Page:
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Old 02-17-2010, 12:19 PM
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It was the Clash's garagier ...
So now you've got "We're a garage band, we come from garageland" going thru my head! Thanks!

Me, I'll be Back in the garage with my bullshit detector...
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Old 02-17-2010, 12:20 PM
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London Calling is the only album of theirs worth listening too. I couldn't sit through and listen to any of their other albums.
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Old 02-17-2010, 12:31 PM
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London Calling is the only album of theirs worth listening too. I couldn't sit through and listen to any of their other albums.
What makes London Calling particularly distinct from their first, self-titled album? I'm genuinely curious, because to my ears they're equal kinds of awesome.
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Old 02-17-2010, 12:45 PM
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What makes London Calling particularly distinct from their first, self-titled album? I'm genuinely curious, because to my ears they're equal kinds of awesome.
I'll listen to it when I get home and let you know.
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Old 02-17-2010, 12:46 PM
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What makes London Calling particularly distinct from their first, self-titled album? I'm genuinely curious, because to my ears they're equal kinds of awesome.
The first record was pretty had pretty much as straight ahead punk sound. Loud guitars, simple arrangements. There were notable exceptions like the reggae based White Man in Hammesmith Palais and Police & Thieves, but it was pretty much a punk affair. Lyrically, there was a lot of politics and commentary on social conditions in the U.K.

The second record was a bit more refined lyrically and musically. You could hear more of the kind of sound that you'd hear on London Calling. Still very punk-ish.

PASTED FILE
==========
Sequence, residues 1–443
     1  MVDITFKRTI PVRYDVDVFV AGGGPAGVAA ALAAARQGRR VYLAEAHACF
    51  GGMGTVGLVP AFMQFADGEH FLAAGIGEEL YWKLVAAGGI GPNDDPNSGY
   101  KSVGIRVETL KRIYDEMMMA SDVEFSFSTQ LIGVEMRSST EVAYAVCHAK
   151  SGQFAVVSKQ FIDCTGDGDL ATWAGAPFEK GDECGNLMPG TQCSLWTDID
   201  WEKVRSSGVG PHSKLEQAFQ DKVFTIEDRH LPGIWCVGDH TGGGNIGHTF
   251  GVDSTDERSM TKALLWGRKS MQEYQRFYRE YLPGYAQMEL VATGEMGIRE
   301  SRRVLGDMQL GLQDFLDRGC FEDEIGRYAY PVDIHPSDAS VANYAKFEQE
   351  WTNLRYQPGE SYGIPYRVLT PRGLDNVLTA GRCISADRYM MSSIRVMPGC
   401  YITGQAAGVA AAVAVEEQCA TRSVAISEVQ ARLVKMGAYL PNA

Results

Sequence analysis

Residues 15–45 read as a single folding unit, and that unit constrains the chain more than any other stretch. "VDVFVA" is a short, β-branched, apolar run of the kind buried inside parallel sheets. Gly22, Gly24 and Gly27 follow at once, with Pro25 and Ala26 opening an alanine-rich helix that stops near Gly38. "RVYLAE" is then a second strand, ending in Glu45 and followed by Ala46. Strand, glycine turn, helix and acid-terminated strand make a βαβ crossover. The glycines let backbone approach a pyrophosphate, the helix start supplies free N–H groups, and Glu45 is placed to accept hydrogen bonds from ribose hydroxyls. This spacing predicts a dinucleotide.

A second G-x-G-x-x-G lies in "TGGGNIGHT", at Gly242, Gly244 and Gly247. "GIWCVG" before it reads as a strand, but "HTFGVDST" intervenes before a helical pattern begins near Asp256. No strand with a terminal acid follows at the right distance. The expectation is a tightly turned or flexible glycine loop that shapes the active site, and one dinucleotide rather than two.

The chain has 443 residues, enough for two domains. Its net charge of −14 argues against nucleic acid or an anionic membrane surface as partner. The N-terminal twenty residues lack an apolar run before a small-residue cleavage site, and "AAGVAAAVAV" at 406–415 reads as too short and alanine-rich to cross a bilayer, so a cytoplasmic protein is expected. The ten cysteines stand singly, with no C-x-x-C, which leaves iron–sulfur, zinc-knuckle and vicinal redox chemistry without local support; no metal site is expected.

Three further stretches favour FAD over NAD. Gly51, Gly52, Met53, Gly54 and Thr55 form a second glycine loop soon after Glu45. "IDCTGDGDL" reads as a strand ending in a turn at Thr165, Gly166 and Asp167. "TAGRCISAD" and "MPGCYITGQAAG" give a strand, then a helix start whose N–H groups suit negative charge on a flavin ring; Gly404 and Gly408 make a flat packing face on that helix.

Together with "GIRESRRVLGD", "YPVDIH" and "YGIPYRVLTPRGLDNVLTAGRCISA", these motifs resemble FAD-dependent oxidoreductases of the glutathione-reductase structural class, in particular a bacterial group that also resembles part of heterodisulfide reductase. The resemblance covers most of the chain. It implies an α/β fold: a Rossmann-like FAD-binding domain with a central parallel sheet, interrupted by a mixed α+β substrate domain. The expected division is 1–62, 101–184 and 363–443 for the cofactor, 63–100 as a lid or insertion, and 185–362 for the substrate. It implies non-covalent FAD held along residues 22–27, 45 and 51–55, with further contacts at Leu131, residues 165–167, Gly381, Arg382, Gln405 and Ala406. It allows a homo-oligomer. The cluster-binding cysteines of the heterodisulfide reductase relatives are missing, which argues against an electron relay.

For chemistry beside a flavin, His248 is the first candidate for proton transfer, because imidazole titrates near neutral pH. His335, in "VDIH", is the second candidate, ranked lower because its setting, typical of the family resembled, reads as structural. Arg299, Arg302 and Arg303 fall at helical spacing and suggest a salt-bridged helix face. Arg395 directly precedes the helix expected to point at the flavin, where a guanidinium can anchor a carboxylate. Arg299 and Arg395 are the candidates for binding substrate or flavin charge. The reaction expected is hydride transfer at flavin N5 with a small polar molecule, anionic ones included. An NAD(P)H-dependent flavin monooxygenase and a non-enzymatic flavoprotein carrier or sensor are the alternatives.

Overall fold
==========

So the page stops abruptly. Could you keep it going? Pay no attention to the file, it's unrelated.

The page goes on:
London Calling took it to an entirely new level. Lyrics were more mature and wide ranging. From the post-apocalypticism of London Calling to the Spanish Civil War to the western themed Card Cheat. They showed themselves to be adept and an almost dizzying variety of musical styles. Paul Simonon, in particular really came into his own as a bass player on that record.

Sandinista, a sprawling 3 record release had flashes of the greatness of London Calling, but a lack of insight into editing the record down to just the best material hampered the release. Still some great material on that record.

I'm not too familiar with post-Sandinista records.

Last edited by tacoloco; 02-17-2010 at 12:46 PM.
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Old 02-17-2010, 12:55 PM
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London Calling is the only album of theirs worth listening too. I couldn't sit through and listen to any of their other albums.


Combat Rock is the closest to perfection in an album I have ever witnessed. Not that it necessarily has the best songs, but it just hangs together wonderfully, especially Side One.
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Old 02-17-2010, 01:28 PM
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Sandinista, a sprawling 3 record release had flashes of the greatness of London Calling, but a lack of insight into editing the record down to just the best material hampered the release.
Editing it down to eliminate the fluff was never an issue--they intentionally inflated it with all that seemed-like-a-good-idea-at-the-time dub stuff. If they'd only skipped all that, or limited it to one or two cuts, they would have had a solid double LP of songs every inch the equal or better to London Calling. Probably better, because even without the dub experiemnts it's a much more varied album.

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I'm not too familiar with post-Sandinista records.
To me Combat Rock is their pinnacle; but it gets unfairly maligned because the band suddenly lost all their hipster cred by having hits. Cut the Cheese, er, Crap was dire, probably one of the biggest about-faces in pop music history, and a truly pathetic swan song for a band that no longer mattered.
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Old 02-17-2010, 01:32 PM
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London Calling is the only album of theirs worth listening too. I couldn't sit through and listen to any of their other albums.
Totally disagree, but YMMV. As others have said, their first few albums have some truly great songs that stand up over time.